Image of Photo of Prof Kerry Brown and image of book cover for China Through European Eyes

China Through European Eyes: 800 Years of Cultural and Intellectual Encounter

The China Forum seminar on Tuesday 30 April 2024 was delivered by Professor (Professor of Chinese Studies and Director, , ).

Kerry Brown’s lecture, based on the jointly authored book, , examined the tremendous changes over the long run in western perceptions of China, which have oscillated between idealization and demonization. Marco Polo established the foundational positive western image of China. During the European Enlightenment Matteo Ricci’s writings reinforced an optimistic perception of China. Leibniz and Voltaire both wrote enthusiastically about China’s meritocratic system of government. Montesquieu (1689-1755) was an outlier in this era, in his perception of China as a ‘despotic’ system without rule by law. Lord McCartney's embassy to China (1792-94) was a hugely important encounter between China and the West. The members of the mission returned with radically contrasting views. George Staunton wrote with great enthusiasm about China’s government and ethical system, while John Barrow, considered China to be ‘sterile’ and ‘stagnant’. In the 1820s Hegel argued that China was a country ‘without a history’.

In the 20th century, Carl Jung, Max Weber, and Bertrand Russell, all had a deep interest in China. They each tried to understand the ways in which it was different from the West. Weber attempted a deep study of Chinese religion. Jung was a close student of the I-Ching. Russell visited China in 1921-22 and developed a ‘positive but nuanced’ view of China. It constituted the first attempt by a westerner to attempt a ‘moral accounting’ of China. In Professor Brown’s view, this approach has been a persistent problem in Western engagement with China. Joseph Needham’s engagement with China was highly significant. He viewed Chinese science as an ‘intellectual partner’ and examined the history of science in China by using an intellectual framework that was common to the two cultures.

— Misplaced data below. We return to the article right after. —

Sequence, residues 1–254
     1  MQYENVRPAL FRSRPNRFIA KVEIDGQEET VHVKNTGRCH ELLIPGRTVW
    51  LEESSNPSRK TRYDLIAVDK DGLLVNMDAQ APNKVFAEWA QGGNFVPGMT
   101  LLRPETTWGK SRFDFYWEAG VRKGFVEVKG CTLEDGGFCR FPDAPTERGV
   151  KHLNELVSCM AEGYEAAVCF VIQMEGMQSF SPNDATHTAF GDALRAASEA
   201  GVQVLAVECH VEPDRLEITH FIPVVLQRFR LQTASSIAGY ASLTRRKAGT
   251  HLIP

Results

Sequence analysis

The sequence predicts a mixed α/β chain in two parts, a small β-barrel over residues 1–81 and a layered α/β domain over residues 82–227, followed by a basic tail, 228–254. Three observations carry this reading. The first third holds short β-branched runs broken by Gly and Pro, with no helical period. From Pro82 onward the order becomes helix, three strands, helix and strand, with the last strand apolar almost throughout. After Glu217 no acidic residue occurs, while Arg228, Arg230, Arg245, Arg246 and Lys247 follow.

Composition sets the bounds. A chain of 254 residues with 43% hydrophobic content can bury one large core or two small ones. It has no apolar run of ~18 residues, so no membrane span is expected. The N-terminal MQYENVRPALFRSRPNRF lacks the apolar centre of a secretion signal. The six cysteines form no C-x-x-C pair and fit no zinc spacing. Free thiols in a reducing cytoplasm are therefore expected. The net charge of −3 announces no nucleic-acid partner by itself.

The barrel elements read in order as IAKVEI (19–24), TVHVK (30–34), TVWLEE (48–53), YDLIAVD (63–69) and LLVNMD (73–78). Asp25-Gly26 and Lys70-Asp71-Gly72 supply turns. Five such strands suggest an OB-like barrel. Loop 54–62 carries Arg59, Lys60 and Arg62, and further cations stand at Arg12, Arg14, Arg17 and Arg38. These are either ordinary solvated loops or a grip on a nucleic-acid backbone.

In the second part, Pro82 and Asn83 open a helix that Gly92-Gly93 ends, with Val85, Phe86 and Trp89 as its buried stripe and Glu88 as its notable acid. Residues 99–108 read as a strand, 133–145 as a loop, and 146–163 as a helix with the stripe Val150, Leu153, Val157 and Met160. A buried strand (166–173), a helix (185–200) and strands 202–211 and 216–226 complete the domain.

Western contact with China was reduced radically following the creation of the People's Republic of China in 1949. Since China entered the era of ‘reform and opening-up’ in 1978, western views of China have continued to oscillate between idealization and demonization. The EU and Britain have both shifted from viewing China as a collaborator to viewing it as a competitor and adversary. Underlying changing western perceptions of China have been a profound shift in the balance of economic, military, technological and cultural power. The asymmetries have shifted decisively in China's favour during the last 20 years, creating huge challenges for Europeans’ narrative about China. In Professor Brown’s view, Europe needs to adopt a more pragmatic approach and think in terms of ‘what Europeans need from China’, rather than ‘what Europeans can do for China’.

Issues discussed in Q&A included: the extent to which the UK’s governing classes are interested in promoting serious and deep understanding of China; evidence concerning UK government allocation of resources to enhancing popular understanding of China; prospects for genuine mutual understanding between Europe and China; the idea in the Zhong Yong (Middle Way) that ‘in nature living things grow together without harming each other’; the role of the US in the European-China relationship; the extent to which the mass media in China and the West view each other negatively; the extent to which the West’s values are universal; the extent to which conflict between China and the West can be resolved; reasons why people in the West should be interested in China and think about the civilisation differently; the clash between Chinese and Western universalisms; and the current state of the European-China relationship and the prospects for improvement.

Kerry Brown is Professor of Chinese Studies and Director of the Lau China Institute at King’s College, London. From 2012 to 2015 he was Professor of Chinese Politics and Director of the China Studies Centre at the University of Sydney, Australia. Prior to this he worked at Chatham House from 2006 to 2012, as Senior Fellow and then Head of the Asia Programme. From 1998 to 2005 he worked at the British Foreign and Commonwealth Office, as First Secretary at the British Embassy in Beijing, and then as Head of the Indonesia, Philippine and East Timor Section. He previously graduated from Cambridge University and has a PhD in Chinese politics and language from Leeds University. He is the author of 20 books on modern Chinese politics. His ‘’, a comprehensive history of Britain’s relations with China, is scheduled for release by Yale University Press in 2024, alongside a study of Taiwan with Penguin Books.